After looking at the photographs of the surface of Mars, an idea comes to mind: our Atacama Desert is not so different. The similarity is conciliatory, but erosion and the non-living as common ground present themselves as a warning about resource management in relation to the development of contemporary cities as consumers of various ecosystems.
As dubiously tectonic mantles of unattainable celestial bodies, planetary surfaces are transformed into landscape through the lens of the machines that have managed to move the human eye outside our planet, helping us, from our terrestrial experience, to interpret other desolate plains [as yet] unreachable through our footsteps.
The robot Rover Opportunity was sent eleven years ago to Mars and remains active until today. The robot- laboratory Rover Curiosity moves over the dunes of the red planet, at the same time as the space probe Mars Reconaissance Orbiter [MRO] (1) monitors it analytically from its gravitational field. These devices, to name just a few, have exposed us to panoramic and aerial views, textures and materialities, making us travel through successive images and series of images propose a spatiality close to three-dimensionality. At the same time, they reveal landscapes that, as composition of forms and matter, are distant from fiction. They exhibit fragile soils that at first sight transmit infinite desolation and acquire meaning and order as they move away from the monotony through their rocky, steep and exposed geology that generates shadows, added to the dust covering of reddish, ocher, gray and blue colors. These elements build a static scene due to their inert and permanent characteristics, but in turn this scene evokes topographic formations that speak in a language known to us: rocks, soil, cracks, horizon, dunes and gravity. Then another association comes to mind: that our Atacama Desert, the most arid of the earth’s surface, is not so different.
(1) National Aeronautics and Space Administration (2015) <www.nasa.com [mars.nasa.gov]>
Then, a double reading of this Martian-Atacameño link can be made. On the one hand, the similarity is conciliatory: our red neighbor has a surface that relates to desert sectors of our Planet Earth. It is a familiar territory that offers feelings and technical possibilities of dominance. But, on the other hand, erosion and inert material are seen as a warning related to resource management and the development of our contemporary cities and their effects on various ecosystems. It is a warning that leads us to wonder if it is possible that with mismanagement of the territory − with conquest through an uninformed control − the unavoidable destiny is aridity and desolation.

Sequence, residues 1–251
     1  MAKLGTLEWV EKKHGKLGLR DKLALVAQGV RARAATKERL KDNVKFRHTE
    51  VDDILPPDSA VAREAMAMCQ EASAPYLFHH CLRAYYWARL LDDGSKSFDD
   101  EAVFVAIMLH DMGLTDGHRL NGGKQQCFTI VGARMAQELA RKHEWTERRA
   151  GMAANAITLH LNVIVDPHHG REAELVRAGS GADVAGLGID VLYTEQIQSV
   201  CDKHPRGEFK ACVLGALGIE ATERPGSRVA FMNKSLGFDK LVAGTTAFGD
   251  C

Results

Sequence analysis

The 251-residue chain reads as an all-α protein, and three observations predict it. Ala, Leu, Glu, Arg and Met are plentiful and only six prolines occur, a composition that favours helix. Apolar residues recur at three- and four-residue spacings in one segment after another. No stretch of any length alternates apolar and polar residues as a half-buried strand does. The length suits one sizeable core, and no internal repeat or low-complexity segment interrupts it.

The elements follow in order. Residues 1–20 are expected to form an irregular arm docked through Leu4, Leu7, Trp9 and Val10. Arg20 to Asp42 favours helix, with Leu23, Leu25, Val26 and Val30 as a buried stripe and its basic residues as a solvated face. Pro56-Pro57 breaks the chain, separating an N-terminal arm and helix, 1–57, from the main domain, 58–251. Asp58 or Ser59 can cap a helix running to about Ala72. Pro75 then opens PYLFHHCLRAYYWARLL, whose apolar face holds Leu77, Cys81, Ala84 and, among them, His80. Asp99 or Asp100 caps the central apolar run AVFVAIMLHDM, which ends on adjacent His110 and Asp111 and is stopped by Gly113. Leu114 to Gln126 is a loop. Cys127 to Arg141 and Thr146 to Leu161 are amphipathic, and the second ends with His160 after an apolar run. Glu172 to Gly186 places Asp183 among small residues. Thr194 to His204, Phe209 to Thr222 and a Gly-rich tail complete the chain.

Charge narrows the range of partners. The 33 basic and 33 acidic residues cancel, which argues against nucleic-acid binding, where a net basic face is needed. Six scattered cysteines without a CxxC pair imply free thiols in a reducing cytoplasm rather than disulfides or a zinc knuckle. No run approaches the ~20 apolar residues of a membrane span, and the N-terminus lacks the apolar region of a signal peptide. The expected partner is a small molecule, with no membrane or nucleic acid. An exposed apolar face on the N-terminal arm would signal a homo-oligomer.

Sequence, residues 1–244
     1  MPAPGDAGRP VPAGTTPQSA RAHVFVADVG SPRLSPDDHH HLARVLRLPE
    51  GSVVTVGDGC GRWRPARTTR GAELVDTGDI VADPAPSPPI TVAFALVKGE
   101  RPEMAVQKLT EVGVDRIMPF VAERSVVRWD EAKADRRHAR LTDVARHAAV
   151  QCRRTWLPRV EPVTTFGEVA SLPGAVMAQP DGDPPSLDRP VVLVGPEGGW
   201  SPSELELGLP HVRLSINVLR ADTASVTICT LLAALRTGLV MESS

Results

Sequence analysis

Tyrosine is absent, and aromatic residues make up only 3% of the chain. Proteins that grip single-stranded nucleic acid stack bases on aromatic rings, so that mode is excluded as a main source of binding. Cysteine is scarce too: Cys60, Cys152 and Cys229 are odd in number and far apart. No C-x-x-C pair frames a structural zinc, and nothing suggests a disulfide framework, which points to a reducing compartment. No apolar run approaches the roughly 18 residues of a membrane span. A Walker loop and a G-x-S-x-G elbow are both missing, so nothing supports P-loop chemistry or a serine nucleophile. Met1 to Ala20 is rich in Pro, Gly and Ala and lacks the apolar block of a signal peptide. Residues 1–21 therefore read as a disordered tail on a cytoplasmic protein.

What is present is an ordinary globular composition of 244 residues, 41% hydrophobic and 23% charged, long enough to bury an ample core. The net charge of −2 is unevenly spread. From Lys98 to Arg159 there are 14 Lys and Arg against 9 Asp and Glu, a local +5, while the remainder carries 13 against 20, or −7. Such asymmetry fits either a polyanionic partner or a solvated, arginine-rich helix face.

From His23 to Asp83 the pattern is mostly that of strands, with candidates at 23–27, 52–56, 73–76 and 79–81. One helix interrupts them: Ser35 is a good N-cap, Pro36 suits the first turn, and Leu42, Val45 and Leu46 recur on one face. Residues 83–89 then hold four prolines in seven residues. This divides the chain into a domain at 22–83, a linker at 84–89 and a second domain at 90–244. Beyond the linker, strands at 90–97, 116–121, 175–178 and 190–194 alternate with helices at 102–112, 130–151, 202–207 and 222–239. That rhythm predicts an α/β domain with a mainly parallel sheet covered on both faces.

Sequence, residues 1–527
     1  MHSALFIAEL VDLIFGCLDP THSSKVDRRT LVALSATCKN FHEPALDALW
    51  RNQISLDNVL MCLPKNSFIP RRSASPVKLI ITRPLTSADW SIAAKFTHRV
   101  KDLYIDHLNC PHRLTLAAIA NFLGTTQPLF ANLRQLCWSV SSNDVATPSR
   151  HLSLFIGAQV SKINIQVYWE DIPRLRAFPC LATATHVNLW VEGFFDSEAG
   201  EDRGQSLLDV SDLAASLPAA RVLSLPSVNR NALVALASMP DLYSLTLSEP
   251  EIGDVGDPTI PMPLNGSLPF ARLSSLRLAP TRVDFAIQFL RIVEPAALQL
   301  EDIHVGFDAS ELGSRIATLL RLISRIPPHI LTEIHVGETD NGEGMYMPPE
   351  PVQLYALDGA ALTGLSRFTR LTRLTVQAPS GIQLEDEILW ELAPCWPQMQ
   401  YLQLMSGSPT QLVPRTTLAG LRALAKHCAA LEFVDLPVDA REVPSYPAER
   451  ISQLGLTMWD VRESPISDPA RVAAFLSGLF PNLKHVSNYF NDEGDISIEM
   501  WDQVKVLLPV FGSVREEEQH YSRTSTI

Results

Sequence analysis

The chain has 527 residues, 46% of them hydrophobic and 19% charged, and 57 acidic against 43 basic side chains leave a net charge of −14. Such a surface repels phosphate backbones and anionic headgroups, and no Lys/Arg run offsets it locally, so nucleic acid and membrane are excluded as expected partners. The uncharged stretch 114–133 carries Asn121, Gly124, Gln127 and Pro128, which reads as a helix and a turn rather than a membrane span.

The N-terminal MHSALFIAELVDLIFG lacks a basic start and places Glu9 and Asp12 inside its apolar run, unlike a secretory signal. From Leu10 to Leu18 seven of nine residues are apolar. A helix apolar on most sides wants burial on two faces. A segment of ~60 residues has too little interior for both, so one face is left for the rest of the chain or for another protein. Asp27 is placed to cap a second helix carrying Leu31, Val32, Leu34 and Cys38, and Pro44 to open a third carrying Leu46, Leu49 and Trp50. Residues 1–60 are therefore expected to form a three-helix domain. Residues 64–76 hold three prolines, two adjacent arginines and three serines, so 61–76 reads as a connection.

There is a concept related to the conquests of distant sites dating back to the arrival of the British colonies on the east coast of North America in the seventeenth century, the so-called wilderness (2). This concept, which refers to the forested, dark, wild and impenetrable area or place, possible to dominate through agriculture, changes its meaning in the human conquest of Mars, where subjugation is based on the importance of finding and then exploiting possible flows of liquid water in a desolate territory without − apparent − animal or plant life. It is not the impenetrable forest that must be opened because it does not meet the expectations of soil for cultivation and with it for the development of human life, but the lifeless dust that one yearns to nourish, and the lack of water, which it is expected will be debated to understand the red neighbor as eventually habitable. The idea would be to establish a prosperous landscape like the one we still have and like the greenest and most recondite one we long for.
(2) See Roderick Nash, Wilderness and the American Mind (New Haven: Yale University Press, 2001 ).
The images offered by NASA are suggestive because they present us with the possibility of establishing an idea of landscape in remote places, prompting us to question the concept of nature as that pristine territory associated with that pastoral imaginary or Eden. In this sense, that area untouched by man is shown as desolation, the arid, the rough and the unchanging, where the traces of dynamism are the impacts of meteorites (3) and possible salt flats with antifreeze of iron flowing on its surface (4). Thus, the aspect of greatest interest is based on the discovery about how that distant place has material characteristics that do not escape the laws of physics, as it is represented in scenes of films such as Tatooine of the saga Star Wars, whose scenes were recorded in the desert of Tunisia, one of the largest in the world, but that does not exceed our Atacama Desert in aridity (5).
(3) See https://mars.nasa.gov/
(4) See https://www.nasa.gov/press-release/nasa-confirms-evidence-that-liquid-water-flows-on-today-s-mars
(5) Tatooine is the desert planet of the Movie Star Wars, with a hot, arid climate and sandstorms, where the only way to obtain water was by extracting it from the atmosphere. See “Tatooine Biography Gallery” in Star Wars (2015) <http://www.starwars.com/tatooine-biography-gallery>
So, more than a new landscape, Mars is a hyperbole of earthly aridity, which leads to understanding territory outside our earth when one thinks about the need to find new places to urbanize and that drives us to question both practically and theoretically the future domain of remote landscapes, an exercise we already did on our own generous planet, just a couple of centuries ago.